Communion hymn: Silent Night, Holy Night – The Hymnal 1940, #33
Closing hymn: Hymn for Christmas-Day (Hark! The Herald Angels Sing) – Text: Charles Wesley, 1739 (verses 1-3 as in Carols for Choirs, verses 4-5 are Wesley’s original text), Music: Verses 1-4: The Hymnal 1940, Verse 5: Organ harmonization by David Willcocks
Postlude: Angels We Have Heard on High – Wilbur Held, with improvised middle section based on a Christmas melody by Steven Rabanal
Here is the poster I made for promoting the liturgy on social media:
I am excited to announce two new chant projects in progress for use in the Personal Ordinariates for Catholics of the Anglican Patrimony. One is for priests and one for choristers.
The first project is one started very recently by myself and some friends. Many Catholics are familiar with the common tone the priest uses to chant the preface, the solemn tone, found here: https://youtu.be/eX-DnCtcVL0?t=4241. This is only one of three tones traditionally used in the Roman Rite. The Missale Romanum, the missal used for the Tridentine Mass, gives three tones to use for the preface: the ferial tone, the solemn tone, and the more solemn tone (titled “in praefatio tono solemniori”). The Anglican Missal adapts the ferial and solemn tones to English, however, I have not found adaptations of the more solemn tone, so this is a project I wanted to do for a few months now and just begun. I am writing the adaptations, and my friends James Scott and James Griffin review them and give input. James Scott also transcribes the prefaces into chant notation and I transcribe them into modern notation, so either can be used. James Griffin recorded the tutorial. The preface most properly goes with the preceding “preface dialogue” which would be best for the choir to learn and to print it in bulletins, however, many places do use the more solemn tone with a simpler dialogue tone. With the writing of this article, we have completed the Preface of the Incarnation, which is used from Christmas Eve to the Vigil of the Epiphany, exclusive, which I have posted it here for your downloading pleasure, available for free use. You can print them on a single sheet and insert them into Divine Worship: The Missal. I hope to write them for most of the prefaces; my current idea is all the prefaces except for the Preface for the Commemoration of the Dead, as the traditional rubrics in the Missale Romanum only permit the more solemn tone on days when the ferial tone is not prescribed.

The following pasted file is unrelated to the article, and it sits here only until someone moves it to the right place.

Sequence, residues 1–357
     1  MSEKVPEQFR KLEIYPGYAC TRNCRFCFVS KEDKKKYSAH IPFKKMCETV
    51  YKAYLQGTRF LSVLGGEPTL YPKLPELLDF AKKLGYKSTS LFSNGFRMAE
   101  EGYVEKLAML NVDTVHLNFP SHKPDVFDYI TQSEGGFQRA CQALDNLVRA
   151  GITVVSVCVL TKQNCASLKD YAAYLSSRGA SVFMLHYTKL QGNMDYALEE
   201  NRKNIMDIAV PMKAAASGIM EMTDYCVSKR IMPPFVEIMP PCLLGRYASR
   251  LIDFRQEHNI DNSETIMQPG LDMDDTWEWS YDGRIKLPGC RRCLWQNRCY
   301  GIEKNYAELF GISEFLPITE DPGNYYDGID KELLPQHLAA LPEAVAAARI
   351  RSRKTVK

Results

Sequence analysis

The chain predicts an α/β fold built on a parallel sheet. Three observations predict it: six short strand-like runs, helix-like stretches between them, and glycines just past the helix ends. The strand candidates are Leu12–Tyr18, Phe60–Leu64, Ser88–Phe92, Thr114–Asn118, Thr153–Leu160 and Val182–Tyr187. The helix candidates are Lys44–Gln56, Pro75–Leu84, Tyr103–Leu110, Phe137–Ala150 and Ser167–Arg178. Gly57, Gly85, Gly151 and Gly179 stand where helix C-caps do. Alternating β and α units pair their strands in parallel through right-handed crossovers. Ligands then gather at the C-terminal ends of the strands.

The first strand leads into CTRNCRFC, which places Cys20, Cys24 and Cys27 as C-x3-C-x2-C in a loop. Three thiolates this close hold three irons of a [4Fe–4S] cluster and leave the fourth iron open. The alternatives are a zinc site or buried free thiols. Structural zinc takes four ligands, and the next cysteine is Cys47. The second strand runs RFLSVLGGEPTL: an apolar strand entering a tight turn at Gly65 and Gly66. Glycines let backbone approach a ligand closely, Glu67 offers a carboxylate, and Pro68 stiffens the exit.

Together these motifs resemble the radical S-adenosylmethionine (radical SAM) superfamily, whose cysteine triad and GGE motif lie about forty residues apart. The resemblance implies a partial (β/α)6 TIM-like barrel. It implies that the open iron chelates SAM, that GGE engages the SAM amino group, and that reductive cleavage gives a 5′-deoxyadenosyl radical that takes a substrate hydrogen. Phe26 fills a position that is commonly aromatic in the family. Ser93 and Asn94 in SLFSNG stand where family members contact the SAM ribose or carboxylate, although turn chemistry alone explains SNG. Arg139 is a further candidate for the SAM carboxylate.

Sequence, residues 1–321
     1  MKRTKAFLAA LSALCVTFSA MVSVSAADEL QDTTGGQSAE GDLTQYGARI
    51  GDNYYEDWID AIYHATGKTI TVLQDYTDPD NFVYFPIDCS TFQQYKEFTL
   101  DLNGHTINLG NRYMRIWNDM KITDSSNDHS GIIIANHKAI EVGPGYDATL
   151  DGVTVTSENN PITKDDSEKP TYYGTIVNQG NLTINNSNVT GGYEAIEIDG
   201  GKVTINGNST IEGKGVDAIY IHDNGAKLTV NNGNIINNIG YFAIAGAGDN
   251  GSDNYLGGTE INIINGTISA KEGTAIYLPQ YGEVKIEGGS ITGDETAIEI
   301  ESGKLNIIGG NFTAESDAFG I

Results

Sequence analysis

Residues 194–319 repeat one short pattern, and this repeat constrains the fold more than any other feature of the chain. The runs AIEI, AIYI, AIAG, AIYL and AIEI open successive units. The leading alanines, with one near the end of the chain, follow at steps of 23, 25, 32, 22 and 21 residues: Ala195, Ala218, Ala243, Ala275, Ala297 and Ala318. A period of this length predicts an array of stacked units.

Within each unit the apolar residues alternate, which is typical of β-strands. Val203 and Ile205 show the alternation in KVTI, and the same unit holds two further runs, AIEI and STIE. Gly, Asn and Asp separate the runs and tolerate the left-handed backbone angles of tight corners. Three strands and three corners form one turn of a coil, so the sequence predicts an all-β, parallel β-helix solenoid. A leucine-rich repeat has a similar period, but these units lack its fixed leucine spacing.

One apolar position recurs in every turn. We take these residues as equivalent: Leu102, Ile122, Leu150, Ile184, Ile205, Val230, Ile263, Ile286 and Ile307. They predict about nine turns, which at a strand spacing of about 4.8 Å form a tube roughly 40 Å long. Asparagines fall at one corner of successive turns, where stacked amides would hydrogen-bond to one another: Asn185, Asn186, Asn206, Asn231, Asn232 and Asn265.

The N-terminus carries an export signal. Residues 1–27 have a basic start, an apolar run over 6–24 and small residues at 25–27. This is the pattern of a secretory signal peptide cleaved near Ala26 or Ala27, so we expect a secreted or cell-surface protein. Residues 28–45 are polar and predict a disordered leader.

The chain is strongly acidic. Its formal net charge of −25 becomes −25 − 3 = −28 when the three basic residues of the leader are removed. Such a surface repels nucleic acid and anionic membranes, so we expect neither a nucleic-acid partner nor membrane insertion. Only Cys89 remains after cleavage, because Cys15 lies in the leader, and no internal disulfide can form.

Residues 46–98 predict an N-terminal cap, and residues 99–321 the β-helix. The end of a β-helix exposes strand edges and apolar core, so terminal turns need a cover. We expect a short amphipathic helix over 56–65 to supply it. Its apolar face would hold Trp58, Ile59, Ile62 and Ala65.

Preface of the Incarnation MP3 tutorial for priests (must download from external site; I recommend the video instead) https://www.filehosting.org/file/details/768116/Preface%20of%20the%20Incarnation.mp3
Preface of the Incarnation video tutorial for priests
The second project is being done by James Scott. He is creating an English Gradual for the Ordinariates in the style of the Plainchant Gradual by the Rev. G.H. Palmer, Mus. Doc. and Francis Burgess. Although the Plainchant Gradual is currently in use in Ordinariate parishes, those who use them regularly will know that the texts do not match up all the time with Divine Worship. His project will set these traditional melodies to the text of Divine Worship, and he hopes to eventually set the entire missal. He is currently looking for trial participants and can be contacted at ordinariatechants at gmail dot com.
James Scott left Tulane University with a Master of Architecture in 2017 and has been a staff singer in several choirs. James T.M. Griffin is a Knight of Malta and instituted acolyte at St. John the Baptist, the Ordinariate parish in Bridgeport, PA (Greater Philadelphia).